Quedlinburg – Timbered Treasures

Finkenherd
The Finkenherd

Back at the foot of the castle hill is a warren of narrow crooked streets. It’s the oldest part of town. One of our favorite places was the Finkenherd. According to legend, in 922 AD, Heinrich was out bird hunting when the Frankish nobles arrived to offer him the crown. They found him at the Finkenherd cottage, told him they had selected him as their king, and awarded him his regalia. From then on, King Heinrich was known as “Henry the Fowler.”

Tower (1)
Schreckensturm, or Horror Tower

The original town of Quedlinburg was surrounded by an impressive city wall with towers. As you walk around, you’ll notice parts of the wall and even stumble upon a few remaining towers. Each one is different and has its own story. One of our favorites was the Schreckensturm – or Tower of Horror – with a dungeon that served as a prison during the Middle Ages.

Quedlinburg Town Square
The Marketplace

A short walk from the castle hill, the narrow alleys open up to a bright and sunny market square ringed by colorful and intricately decorated half-timbered buildings.

Quedlinburg town hall at night
Quedlinburg town hall at night

The square is dominated by a magnificent vine-covered town hall at one end. During the Middle ages, Quedlinburg became a prosperous trading town and outgrew its walls. The spacious marketplace is testimony to the city’s affluence.

Mural #1 (1)
Town Hall Murals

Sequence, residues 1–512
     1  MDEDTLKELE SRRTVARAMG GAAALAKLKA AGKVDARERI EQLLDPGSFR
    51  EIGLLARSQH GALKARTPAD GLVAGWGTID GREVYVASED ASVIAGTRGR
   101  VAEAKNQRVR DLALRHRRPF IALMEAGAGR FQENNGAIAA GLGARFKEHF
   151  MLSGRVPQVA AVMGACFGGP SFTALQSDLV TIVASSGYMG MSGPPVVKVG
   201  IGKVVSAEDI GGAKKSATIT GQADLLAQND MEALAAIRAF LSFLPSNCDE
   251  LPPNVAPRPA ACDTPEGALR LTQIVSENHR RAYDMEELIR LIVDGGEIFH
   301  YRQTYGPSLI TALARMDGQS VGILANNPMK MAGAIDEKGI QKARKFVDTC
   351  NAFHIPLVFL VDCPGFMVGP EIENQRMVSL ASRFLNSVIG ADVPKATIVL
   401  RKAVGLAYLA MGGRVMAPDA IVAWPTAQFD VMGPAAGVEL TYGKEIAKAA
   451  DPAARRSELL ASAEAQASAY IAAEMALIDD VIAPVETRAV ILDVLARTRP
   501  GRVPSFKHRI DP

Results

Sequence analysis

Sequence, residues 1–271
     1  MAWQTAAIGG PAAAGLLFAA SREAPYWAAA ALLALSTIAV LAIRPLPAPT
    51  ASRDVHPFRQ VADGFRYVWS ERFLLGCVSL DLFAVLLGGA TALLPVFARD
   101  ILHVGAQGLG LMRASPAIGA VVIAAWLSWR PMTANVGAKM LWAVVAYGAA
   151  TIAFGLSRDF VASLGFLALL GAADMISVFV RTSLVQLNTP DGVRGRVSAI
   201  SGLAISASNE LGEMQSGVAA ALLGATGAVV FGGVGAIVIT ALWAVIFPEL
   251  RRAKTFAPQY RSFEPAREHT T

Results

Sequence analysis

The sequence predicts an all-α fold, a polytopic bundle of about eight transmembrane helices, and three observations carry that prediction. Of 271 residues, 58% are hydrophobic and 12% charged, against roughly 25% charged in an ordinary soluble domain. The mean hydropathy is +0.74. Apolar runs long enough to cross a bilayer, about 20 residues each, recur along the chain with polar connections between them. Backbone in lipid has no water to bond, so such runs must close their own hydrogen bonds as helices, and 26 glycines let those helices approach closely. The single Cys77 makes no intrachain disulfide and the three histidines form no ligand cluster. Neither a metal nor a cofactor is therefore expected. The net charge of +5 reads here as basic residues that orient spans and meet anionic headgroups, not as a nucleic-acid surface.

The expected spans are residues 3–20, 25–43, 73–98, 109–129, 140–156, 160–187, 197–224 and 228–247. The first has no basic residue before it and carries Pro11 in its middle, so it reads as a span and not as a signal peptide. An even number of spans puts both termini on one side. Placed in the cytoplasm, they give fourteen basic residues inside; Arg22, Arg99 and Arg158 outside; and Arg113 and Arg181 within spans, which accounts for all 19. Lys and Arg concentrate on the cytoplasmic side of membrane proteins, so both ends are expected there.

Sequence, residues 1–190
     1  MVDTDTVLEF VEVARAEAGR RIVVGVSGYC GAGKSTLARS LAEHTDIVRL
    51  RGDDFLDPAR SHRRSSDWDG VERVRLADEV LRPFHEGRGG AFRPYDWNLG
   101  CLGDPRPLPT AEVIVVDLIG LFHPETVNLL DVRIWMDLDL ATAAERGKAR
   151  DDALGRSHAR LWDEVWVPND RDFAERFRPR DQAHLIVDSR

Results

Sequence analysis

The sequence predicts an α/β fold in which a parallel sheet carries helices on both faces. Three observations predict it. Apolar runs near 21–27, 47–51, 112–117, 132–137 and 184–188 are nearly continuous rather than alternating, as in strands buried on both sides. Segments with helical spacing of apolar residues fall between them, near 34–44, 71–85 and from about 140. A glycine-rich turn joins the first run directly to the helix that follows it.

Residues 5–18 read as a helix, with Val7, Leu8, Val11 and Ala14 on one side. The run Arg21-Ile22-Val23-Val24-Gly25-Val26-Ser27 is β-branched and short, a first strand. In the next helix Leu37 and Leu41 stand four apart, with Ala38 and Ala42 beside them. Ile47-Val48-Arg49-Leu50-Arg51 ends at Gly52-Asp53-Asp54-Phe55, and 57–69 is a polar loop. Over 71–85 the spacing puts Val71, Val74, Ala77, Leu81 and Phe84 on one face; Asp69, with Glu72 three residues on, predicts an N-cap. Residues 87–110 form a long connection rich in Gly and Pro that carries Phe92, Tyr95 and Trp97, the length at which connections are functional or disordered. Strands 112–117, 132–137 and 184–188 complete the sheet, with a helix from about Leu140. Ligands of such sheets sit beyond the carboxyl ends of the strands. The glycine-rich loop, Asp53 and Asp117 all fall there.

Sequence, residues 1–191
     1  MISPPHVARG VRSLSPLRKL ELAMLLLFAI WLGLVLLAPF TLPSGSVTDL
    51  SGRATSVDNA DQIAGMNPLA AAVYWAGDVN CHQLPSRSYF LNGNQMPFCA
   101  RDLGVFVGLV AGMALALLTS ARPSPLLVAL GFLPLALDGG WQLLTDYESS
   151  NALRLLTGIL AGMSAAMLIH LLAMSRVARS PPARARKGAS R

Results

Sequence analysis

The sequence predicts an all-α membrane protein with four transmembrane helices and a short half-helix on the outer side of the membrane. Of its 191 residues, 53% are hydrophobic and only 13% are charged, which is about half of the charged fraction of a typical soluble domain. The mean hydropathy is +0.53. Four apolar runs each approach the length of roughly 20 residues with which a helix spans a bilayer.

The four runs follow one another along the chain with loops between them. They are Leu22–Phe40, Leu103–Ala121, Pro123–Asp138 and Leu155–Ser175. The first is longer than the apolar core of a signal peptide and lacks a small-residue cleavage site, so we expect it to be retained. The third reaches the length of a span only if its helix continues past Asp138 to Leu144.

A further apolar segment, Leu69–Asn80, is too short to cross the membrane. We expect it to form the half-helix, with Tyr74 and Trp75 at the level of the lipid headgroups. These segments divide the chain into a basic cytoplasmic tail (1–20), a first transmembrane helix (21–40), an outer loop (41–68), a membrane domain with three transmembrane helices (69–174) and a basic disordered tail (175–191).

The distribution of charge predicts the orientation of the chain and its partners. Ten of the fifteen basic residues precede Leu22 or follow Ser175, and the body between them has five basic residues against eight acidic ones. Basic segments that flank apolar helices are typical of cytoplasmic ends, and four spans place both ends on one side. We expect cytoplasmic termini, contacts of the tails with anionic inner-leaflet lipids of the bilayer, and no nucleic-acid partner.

We wandered into the town hall, where we found stained-glass windows featuring scenes from Quedlinburg’s history. We were also fortunate to see a special meeting room with ornately carved woodwork, its walls covered with beautiful hand-painted murals chronicling the town’s history.

Fachwerk museum #2 (1)
The oldest surviving home in Germany

Shortly after we left the town square, we found the oldest surviving residential home in Germany, built around 1300 and now a museum focusing on the history of half-timbered building.

Crooked Houses (1)

Quedlinburg continued to grow for over six centuries to become an important and splendid city. The half-timbered houses in Quedlinburg weren’t all built in the same era, but over the course of that time, with differences in construction, style, and decoration. Of the more than 1300 houses in Quedlinburg, no two are alike and each has its own unique appeal. After a while, you can even start to pick out the oldest houses and also recognize some of the styles from different periods.

 

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Many houses are brightly colored, a few feature lovely frescos, and most have an assortment of windows. Some are decorated with symbols and carved inscriptions in an effort to bring good luck or ward off evil. It’s like peeping through a window into the past – a glimpse of the hopes and fears of the people who lived there trying to make a dangerous world less hostile.

Quedlinburg Alley (1)

As you might guess, there are no cars in much of the old city of Quedlinburg. The streets are just too narrow. So, one of the best things do in Quedlinburg is to lose yourself in the maze of old streets and chuckle at the funny crooked houses that seem to lean this way and that along the winding cobbled lanes.

 

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